You will also need powder (~15-20/pound), but you will usually want to experiment with a couple different types; primers (3-4 per hundred); and bullets (price varies greatly depending upon the caliber) and again you will want to experiment with different weights and types. This assumes you have been keeping your fired brass and don't need to buy any.
That would be your absolute minimum. To upgrade, a progressive press that works much faster will be your biggest expense and there are a lot of other doodads that will make it much easier to add on (later if you want).
The only thing that stops bad guys with guns is good guys with guns. SgtD
October 23rd, 2009 09:39 AM
How little or how much do you want to spend. You can use a hand press with minimal other tools, powder measure, scale, manual if you don't want to use internet data from powder manufactures, and dies. If your just doing pistol calibers you might not even need calipers, or lube pads, and if your really cheap you can build your own shell holders. On the cheapest end, you might get by with less than 125 or 150 bucks for the equipment.
If your going to use a single stage press, or a turret press you can bump that price up double what the hand press might run.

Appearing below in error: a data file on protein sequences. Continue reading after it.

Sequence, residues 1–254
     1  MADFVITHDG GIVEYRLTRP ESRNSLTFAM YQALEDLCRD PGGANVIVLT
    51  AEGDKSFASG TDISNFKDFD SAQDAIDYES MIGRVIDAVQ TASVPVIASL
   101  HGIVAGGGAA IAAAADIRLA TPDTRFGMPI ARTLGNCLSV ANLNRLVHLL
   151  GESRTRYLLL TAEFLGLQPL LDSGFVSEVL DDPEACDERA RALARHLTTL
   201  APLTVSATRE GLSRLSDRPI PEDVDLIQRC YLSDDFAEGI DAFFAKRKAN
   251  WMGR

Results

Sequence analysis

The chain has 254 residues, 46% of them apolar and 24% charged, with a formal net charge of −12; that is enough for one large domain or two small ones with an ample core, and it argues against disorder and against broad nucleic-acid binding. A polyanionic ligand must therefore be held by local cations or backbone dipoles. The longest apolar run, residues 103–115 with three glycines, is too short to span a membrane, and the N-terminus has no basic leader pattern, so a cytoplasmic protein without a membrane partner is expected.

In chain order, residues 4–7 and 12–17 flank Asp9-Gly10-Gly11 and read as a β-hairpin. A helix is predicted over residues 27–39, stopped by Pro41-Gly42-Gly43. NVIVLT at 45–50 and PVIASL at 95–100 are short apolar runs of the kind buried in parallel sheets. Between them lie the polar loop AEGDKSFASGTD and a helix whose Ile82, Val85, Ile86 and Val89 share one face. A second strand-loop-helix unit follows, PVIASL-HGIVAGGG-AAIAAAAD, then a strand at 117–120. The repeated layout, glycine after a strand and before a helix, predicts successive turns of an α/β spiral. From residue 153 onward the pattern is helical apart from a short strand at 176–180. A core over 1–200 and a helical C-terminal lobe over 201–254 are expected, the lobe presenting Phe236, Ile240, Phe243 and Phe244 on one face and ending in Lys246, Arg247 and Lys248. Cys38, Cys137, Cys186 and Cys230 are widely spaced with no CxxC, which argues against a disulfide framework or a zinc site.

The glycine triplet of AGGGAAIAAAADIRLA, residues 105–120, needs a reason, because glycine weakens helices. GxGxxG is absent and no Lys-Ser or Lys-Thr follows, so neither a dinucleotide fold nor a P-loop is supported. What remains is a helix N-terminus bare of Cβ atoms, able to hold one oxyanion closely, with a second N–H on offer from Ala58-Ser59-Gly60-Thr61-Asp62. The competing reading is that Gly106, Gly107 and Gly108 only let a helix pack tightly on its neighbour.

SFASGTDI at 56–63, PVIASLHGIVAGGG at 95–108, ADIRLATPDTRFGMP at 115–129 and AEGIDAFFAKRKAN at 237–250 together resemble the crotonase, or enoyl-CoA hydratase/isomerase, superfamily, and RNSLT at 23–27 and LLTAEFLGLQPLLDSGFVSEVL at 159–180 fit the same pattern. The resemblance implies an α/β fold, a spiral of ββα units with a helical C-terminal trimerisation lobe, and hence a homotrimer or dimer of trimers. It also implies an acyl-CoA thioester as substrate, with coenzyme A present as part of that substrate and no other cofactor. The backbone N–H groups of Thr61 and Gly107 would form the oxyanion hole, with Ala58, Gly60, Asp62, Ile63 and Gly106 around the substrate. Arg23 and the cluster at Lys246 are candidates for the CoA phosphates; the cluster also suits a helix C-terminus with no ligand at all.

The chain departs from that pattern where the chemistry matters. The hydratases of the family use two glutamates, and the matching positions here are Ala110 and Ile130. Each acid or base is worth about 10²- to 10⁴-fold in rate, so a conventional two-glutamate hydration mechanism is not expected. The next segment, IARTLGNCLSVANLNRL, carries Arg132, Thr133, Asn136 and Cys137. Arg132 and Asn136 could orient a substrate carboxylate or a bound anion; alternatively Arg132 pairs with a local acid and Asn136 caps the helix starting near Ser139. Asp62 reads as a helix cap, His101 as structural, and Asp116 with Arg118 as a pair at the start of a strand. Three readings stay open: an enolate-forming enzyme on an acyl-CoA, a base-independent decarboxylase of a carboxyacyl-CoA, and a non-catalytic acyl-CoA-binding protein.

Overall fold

If your going to want lots of rounds fast and go progressive, well yep, your going to get double, triple or even more than the single or turret presses.
No matter what type of equipment you need, the price of powders, primers and lead are all going to be the same. Hopefully you can reuse brass that you have. Like CK said powder will be 15-20 or even 25 bucks a pound if you buy it locally to save the hazmat fee for getting it shipped. I haven't bought primers in a while, (bought about 10,000 when they started getting scarce), but if they are available again, are in the range he stated, possibly even more.
Depending how much you shoot and how much free time you have you can recoupe your equipment cost fairly quickly. I opted for a turret press some years ago and got everything equipment wise (manual, press, dies, scale, powder measure, case lube pad/lube, funnel) for about 250 for the first caliber. I later purchased a tumbler and calipers when I got into it a bit more into it.